Please help ANIMAL PEOPLE to keep the humane cause on message!

From ANIMAL PEOPLE, October 2008:
(Actual publication date 11-5-08.)
What if the U.S. humane community had not made the catastrophic mistakes that it did in response to the Great Depression and the recessions that followed each of the major mid-20th century wars?
What if a strong independent voice had helped humane leadership to cope with financial crunches with a combination of practical help and reminders of the importance of remaining focused on mission?
What if humane work had continued to emphasize outreach, advocacy, prosecuting cruelty, and education, at a time when humane education was forthrightly presented as moral education, when state wildlife agencies were not yet dependent upon funding from the sale of hunting licenses, and when Americans consumed less than half as much meat per capita as today?
We cannot know what might have happened, but we can certainly contemplate the possibilities.

There was a monthly periodical in that era, The National Humane Review, published by the American Humane Association, which did much during those hard times to assist and encourage humane work, especially abroad.
Impressive humane societies were established in China, the Philippines, the Caribbean region, and in parts of Africa. Most of these bold starts were swept away by World War II. Their momentum was lost.
Unfortunately, because The National Humane Review was linked to the positions and policies of what was then the only U.S. national animal advocacy organization, it rarely hosted debate over contentious issues, and had no corrective influence when mainstream humane societies turned in the wrong direction.
Often The National Humane Review led in the wrong direction, as when it repeatedly denounced dog and cat sterilization as vivisection, even though the AHA did not oppose animal use in experiments.
Eventually, in 1954, frustrated National Humane Review editor Fred Myer broke with the AHA to form the Humane Society of the United States.
Myer introduced an epoch of growth through division. The 240 U.S. humane societies then active became 700 by 1970, 3,500 by 1990, and more than 6,500 today.
Yet the humane community still had no independent voice, taking new ideas into every shelter, monitoring the accountability of the richest organizations, encouraging the smallest to become more successful, introducing the leaders in the various sub-sectors of animal advocacy and rescue to each other, and re-extending outreach worldwide.
There was still no periodical not beholden to any particular group or funder to stand up, like Henry Bergh in his top hat, and point beyond the closest horizons toward the consequences of wrong turns and the possibilities of going a different way. Many attempts were made to try to start such a periodical, but none survived and succeeded until ANIMAL PEOPLE emerged in 1992.
Our very first editions challenged the old dogma of Why we must euthanize with the case for neuter/return, presenting the data from our own successful 320-cat test of the method. But even as ANIMAL PEOPLE urged the conventional humane community to move away from old excuses for high-volume killing, we also urged no-kill shelters to become more realistic and effective in demonstrating high-quality animal care and developing fundraising and volunteer programs adequate to do the work they took on.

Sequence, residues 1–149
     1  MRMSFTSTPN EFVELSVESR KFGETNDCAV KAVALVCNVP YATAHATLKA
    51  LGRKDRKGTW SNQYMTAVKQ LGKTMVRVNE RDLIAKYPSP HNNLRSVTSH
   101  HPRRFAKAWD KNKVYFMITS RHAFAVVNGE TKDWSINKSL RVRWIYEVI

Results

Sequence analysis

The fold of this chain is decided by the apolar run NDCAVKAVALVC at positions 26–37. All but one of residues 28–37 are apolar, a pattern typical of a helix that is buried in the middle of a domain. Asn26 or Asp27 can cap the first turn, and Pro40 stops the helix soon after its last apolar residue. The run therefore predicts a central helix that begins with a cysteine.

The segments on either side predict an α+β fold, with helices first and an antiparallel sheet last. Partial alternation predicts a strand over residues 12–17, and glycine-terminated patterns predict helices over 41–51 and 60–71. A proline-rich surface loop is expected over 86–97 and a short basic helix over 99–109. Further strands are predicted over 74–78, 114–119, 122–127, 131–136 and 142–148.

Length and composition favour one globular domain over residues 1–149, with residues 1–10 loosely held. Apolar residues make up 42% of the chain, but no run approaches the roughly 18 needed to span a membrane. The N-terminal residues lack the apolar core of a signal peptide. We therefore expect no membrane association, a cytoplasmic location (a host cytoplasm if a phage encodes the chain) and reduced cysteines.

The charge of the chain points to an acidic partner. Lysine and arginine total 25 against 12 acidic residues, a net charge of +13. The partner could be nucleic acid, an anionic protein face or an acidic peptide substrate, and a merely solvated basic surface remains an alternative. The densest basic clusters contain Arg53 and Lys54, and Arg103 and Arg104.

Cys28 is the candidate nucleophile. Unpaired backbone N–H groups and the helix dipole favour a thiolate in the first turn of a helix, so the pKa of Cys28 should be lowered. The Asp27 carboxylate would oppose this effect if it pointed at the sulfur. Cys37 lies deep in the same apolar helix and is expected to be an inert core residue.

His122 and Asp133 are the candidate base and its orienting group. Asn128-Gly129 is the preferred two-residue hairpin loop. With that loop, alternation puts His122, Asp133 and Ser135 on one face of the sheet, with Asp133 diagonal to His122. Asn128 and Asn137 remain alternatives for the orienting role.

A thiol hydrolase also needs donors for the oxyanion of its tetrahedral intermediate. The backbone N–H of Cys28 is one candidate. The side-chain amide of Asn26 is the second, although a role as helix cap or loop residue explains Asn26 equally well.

We challenged animal rights advocates to more effectively connect with mainstream citizens, and encouraged mainstream animal care organizations to remember the moral imperative of advocating for animals.
We put the importance of preparing for disaster on page one of our first edition and emphasized the value of disaster response as an opportunity to educate the public about how humane workers respond to the equivalent of a major disaster every day, even at the best of times.
The need for ANIMAL PEOPLE has only increased with the recent global growth of the humane community. There are now close to 10,000 humane organizations on our mailing list, worldwide. We ask those that can afford to pay for a subscription to do so; but we try to avoid ever putting an animal rescuer in the position of having to choose between subscribing and saving an animal. With the help of our far-sighted and generous donors, who understand the importance of our role in keeping the humane cause informed and focused, we send complimentary subscriptions to every humane society everywhere, as often as we can afford to do so.
ANIMAL PEOPLE is the first and widest-reaching defense the humane community has against repeating the mistakes of the past. But we lost nothing in the recent money market collapses because we had nothing in reserve to lose. Everything we have ever received has gone right back out in fulfilling our mission.
Lately we have not been able to mail all of the complimentary foreign subscriptions. A 35% increase in postage and printing costs hit us just before the economic downturn brought plummeting donations. As many readers as ever have donated, but have donated smaller amounts.
We understand why. We sympathize. But we plead for ANIMAL PEOPLE to be made a higher priority in the coming months. There are still animal charities that would build marble edifices instead of extending outreach, and those who compromise ethical principle to raise a few more dollars, like the humane society that was promoting a rodeo fundraiser a few weeks ago, until ANIMAL PEOPLE asked the people responsible if they wanted to read all about it right here.
Please help ANIMAL PEOPLE to help keep the cause on message. Our role is never more needed than when times are toughest.

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